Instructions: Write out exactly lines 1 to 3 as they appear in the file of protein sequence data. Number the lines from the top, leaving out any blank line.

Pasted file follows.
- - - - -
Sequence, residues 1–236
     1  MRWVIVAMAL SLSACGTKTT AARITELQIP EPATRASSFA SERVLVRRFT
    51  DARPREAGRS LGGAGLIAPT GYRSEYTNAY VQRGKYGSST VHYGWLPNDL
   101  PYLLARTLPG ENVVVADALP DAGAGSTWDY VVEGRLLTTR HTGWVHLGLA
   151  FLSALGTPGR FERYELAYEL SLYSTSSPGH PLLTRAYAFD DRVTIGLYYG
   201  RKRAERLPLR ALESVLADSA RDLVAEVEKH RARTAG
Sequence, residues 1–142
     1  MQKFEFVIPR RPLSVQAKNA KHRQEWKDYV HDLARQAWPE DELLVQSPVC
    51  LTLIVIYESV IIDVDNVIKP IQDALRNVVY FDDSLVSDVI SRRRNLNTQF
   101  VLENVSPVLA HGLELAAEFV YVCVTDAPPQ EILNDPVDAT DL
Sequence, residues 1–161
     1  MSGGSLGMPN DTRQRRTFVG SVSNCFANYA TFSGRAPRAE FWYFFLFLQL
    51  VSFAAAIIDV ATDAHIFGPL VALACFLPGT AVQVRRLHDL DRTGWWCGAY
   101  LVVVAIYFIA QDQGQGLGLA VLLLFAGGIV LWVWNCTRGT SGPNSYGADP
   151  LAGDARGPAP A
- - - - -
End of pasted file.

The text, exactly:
Sequence, residues 1–236
     1  MRWVIVAMAL SLSACGTKTT AARITELQIP EPATRASSFA SERVLVRRFT
    51  DARPREAGRS LGGAGLIAPT GYRSEYTNAY VQRGKYGSST VHYGWLPNDL